I am curious to know what is the reasoning that could overweighs towards using a self-balancing tree technique to store items than using a hash table.
I see that hash tables cannot maintain the insertion-order, but I could always use a linked list on top to store the insertion-order sequence.
I see that for small number of values, there is an a
From "Introduction to Algorithms 2nd edition" I got this deletion algorithm:
1 if left[z] = nil[T] or right[z] = nil[T]
2 then y ← z
3 else y ← TREE-SUCCESSOR(z)
4 if left[y] ≠ nil[T]
5 then x ← left[y]
6 else x ← right[y]
7 p[x] ← p[y]
8 if p[y] = nil[T]
9 then root[T] ←
AVL and Red black trees are both self-balancing except Red and black color in the nodes. What's the main reason for choosing Red black trees instead of AVL trees? What are the applications of Red black trees?
What's the main reason for choosing Red black trees instead of AVL trees?
Both red-black trees and AVL trees are the most comm
Given a RB Tree, I need to write an efficient algorithm that checks whether for each node, all paths from from the node to descendant leaves contain the same number of black nodes.
i.e. returns a boolean if the property is true or false otherwise.
Solution It wiil return the black height of the RB-tree. If the height is 0, the tree is an invalid
In introduction to Algorithms Third Edition they have a pseudocode implementation of red-black tree deletion. Here it is...
y = z
y-original-color = y.color
if z.left == T.nil
x = z.right
RB-TRANSPLANT(T, z, z.right)
elseif z.right == T.nil
x = z.left
RB-TRANSPLANT(T, z, z.left)
I am using the Red-Black tree implementation written by Julian Bucknall in his well-known book, The Tomes Of Delphi. Source code can be downloaded here, and I am using the code as-is in Delphi 2010, with modifications to TdBasics.pas to let it compile in a modern version of Delphi (mostly commenting most of it out - only a few definitions are requ
I have an exam next week in algorithms, and was given questions to prepare for it. One of these questions has me stumped though.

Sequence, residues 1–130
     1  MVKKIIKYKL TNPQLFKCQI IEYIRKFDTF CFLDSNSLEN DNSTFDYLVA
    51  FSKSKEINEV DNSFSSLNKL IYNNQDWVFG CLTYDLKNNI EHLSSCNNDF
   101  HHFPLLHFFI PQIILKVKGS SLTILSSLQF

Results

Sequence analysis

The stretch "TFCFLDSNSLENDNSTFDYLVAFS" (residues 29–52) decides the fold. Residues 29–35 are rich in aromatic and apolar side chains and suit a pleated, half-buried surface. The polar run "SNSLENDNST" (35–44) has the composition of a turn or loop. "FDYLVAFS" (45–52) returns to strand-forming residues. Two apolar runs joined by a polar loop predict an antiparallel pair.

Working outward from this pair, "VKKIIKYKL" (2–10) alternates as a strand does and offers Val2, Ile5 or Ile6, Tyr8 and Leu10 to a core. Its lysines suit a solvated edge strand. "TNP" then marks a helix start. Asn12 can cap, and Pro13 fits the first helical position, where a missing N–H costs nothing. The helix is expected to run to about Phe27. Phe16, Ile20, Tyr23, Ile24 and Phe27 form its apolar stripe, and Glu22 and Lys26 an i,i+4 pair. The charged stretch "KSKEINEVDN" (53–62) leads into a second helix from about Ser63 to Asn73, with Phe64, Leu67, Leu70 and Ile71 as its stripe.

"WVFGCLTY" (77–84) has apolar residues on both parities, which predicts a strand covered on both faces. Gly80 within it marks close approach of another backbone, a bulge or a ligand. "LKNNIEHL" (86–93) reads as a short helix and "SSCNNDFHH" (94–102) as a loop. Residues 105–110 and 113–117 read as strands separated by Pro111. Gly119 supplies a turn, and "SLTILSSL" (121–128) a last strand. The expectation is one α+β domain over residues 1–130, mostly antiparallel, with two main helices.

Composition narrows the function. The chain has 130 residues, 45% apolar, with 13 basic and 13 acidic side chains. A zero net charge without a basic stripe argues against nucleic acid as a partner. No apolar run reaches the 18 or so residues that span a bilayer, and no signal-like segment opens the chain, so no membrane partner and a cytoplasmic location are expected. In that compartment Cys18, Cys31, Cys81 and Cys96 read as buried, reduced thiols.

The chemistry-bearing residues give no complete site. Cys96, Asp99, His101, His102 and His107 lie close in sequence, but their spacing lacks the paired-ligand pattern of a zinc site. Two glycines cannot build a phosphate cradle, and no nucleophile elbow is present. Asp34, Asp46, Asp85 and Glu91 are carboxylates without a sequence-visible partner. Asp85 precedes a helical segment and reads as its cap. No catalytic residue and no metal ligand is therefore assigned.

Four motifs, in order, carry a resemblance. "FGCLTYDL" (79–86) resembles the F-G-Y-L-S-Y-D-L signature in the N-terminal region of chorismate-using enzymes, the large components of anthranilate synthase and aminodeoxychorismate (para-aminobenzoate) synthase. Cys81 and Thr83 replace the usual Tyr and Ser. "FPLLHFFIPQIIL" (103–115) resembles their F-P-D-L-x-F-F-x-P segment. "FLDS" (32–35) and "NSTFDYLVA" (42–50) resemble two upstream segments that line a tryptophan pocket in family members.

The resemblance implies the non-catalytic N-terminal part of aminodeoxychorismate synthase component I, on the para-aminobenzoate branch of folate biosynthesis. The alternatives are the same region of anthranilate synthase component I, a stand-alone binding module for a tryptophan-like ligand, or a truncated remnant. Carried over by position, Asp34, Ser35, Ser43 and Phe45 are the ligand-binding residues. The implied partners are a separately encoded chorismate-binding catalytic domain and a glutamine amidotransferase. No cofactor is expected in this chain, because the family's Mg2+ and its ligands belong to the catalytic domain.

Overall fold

"Can we draw a red-black tree with 7 black nodes and 10 red nodes? why?"
It sounds like it could be answered quickly, but I can't get my mind around it.
The CRLS gives us the maximum height of a RB tree with n internal
Is it ever possible for a red parent node to have just ONE black child node? I have been playing around with the Red/Black Tree simulator online and I can't manage to get a case of this to happen.
The reason behind asking this is I believe I have an unnecessary IF in my code...
if (temp_node->color == BLACK && node->color == RED)
I have these following methods to get the height of a red black tree and this works (I send the root). Now my question is, how is this working? I have drawn a tree and have tried following this step by step for each recursion call but I can't pull it off.
I know the general idea of what the code is doing, which is going through all the leaves and c
Can anyone please suggest me any pointer to an iterative algorithm for insertion and deletion into a Red-Black Tree? All the algorithms available in .Net/C# are based on recursion, which I can't trust for handling very large number of data (hence large number of recursion depth for insertion/deletion). Does anybody have one based on iteration?